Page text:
Healthcare systems across Michigan are balancing the exponentially higher workloads coming as a result of coronavirus alongside the economic impacts of postponed or canceled procedures – and it is a balance that is sometimes failing, according to some hospital employees.
On Tuesday, OPEIU Local 40, which represents nearly 1,000 hospital employees, held a virtual press conference to address what it sees as life-threatening issues at McLaren Macomb hospital in Mt. Clemens. The union brought nurses, healthcare workers and local government officials onto the Zoom meeting to talk about its petition submitted to the hospital asking for more Personal Protective Equipment or PPE, additional sick leave and hazard pay.
Union leaders alongside U.S. Representative Andy Levin, State Representative Bill Sowerby and Mt. Clemens Mayor Laura Kropp praised healthcare workers in general as well as at McLaren Macomb specifically for working under stressful and sometimes dangerous circumstances throughout the COVID-19 health crisis in Michigan.
“These are trying times. … We’re having to endure tremendous situations,” said McLaren Macomb RN and OPEIU Local 40 President Jeff Morawski. “I’m proud to be a nurse (but) I’ve seen things that I don’t ever want to see again. … It’s all about money with McLaren. It’s not about employees.”
His statements were backed up by other union leaders. “All of our healthcare workers deserve good PPE and new PPE. … This isn’t the way healthcare should be run,” said Dina Carlisle, McLaren Macomb RN and OPEIU Local 40 Vice President.
In response, McLaren Macomb through its communications department provided a statement from Tom Brisse, McLaren Macomb’s president and CEO. The statement, in part, said: “During this unprecedented time, it is disturbing that the union that represents McLaren Macomb nurses has chosen to issue a statement that includes false information.”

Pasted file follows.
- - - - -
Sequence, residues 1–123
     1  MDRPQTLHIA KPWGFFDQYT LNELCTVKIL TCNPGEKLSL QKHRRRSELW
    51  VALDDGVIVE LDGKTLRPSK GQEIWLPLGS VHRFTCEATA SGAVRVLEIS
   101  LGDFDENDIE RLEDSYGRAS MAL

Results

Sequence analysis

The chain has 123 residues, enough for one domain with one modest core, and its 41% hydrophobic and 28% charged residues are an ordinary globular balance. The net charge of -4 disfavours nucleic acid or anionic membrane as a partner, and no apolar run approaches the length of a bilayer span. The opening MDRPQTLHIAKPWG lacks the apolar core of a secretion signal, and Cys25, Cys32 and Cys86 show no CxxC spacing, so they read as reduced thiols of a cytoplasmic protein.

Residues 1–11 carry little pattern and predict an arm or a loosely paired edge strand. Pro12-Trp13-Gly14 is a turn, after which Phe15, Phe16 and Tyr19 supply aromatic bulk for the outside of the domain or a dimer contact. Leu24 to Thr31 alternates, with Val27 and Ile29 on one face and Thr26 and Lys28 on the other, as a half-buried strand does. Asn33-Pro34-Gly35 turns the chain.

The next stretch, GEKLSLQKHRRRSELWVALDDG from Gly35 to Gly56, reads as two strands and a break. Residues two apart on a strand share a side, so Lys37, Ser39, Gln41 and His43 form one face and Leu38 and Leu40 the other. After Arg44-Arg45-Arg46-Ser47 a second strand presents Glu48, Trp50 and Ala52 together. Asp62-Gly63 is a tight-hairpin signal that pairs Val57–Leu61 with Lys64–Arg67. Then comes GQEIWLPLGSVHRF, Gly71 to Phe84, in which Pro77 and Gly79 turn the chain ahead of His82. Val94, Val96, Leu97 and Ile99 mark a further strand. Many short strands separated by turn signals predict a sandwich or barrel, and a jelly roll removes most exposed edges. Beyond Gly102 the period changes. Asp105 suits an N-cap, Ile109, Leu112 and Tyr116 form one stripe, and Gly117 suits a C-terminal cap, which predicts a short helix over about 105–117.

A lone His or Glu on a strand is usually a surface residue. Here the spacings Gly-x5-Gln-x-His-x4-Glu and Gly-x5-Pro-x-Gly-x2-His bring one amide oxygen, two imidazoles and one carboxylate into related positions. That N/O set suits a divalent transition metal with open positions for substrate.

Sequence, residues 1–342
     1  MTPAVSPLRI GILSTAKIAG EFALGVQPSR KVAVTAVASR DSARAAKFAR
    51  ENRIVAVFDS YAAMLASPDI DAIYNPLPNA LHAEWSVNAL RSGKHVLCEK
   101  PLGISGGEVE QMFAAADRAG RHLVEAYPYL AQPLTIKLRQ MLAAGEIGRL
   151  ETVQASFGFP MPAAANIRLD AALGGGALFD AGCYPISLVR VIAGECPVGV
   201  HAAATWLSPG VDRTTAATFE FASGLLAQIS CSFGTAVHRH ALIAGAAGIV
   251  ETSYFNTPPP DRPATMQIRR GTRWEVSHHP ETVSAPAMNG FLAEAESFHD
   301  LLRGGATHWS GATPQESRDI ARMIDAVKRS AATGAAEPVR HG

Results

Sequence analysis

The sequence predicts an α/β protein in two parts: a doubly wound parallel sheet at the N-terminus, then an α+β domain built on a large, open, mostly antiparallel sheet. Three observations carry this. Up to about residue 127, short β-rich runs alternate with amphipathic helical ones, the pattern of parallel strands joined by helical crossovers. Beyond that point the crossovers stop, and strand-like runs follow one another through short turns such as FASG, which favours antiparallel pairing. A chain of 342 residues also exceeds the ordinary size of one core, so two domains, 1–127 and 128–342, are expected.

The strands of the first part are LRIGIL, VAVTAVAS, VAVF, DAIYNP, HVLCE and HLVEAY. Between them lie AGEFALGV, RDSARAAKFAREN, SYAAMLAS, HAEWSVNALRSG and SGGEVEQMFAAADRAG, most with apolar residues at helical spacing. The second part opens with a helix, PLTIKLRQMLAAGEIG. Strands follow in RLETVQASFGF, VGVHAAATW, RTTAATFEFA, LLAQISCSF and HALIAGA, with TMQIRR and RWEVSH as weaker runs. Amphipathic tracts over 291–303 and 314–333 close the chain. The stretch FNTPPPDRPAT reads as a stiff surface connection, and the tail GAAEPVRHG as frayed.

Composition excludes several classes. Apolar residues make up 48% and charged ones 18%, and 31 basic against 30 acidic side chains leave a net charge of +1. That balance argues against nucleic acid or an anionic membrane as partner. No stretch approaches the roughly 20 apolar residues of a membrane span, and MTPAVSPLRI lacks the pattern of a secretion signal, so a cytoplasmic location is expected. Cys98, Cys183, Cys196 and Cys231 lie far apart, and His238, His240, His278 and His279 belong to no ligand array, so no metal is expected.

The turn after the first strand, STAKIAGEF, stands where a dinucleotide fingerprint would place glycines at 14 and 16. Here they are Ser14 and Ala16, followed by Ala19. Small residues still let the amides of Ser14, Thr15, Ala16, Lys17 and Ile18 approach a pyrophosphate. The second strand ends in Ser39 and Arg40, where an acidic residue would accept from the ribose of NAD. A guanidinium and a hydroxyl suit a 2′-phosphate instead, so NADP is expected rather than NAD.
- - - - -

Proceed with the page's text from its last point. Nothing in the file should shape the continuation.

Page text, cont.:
The statement highlights the national PPE shortage as well as McLaren’s efforts to get more equipment. “We worked with our corporate leadership to secure additional masks to allow our staff to get new N-95 respirator masks on a more frequent basis,” the statement read. “OPEIU was notified of this change on April 27, 2020.”
The statement also notes “McLaren provided comprehensive COVID-19 benefits to all staff and offered these benefits to all union on April 14, 2020. This included a bank of 80 hours of PTO used by staff who tested positive for COVID-19 and are off work. … Rather than accepting the offered benefits, OPEIU is bargaining those benefits as they are not willing to accept the benefits offered by McLaren for our nursing staff.”
Since March, healthcare providers have been slammed with patients who need testing or are suffering from coronavirus. Healthcare workers overall are working more hours and have had to make concessions with equipment as there was a limited amount available and attempts to get more has been hampered by production or distribution.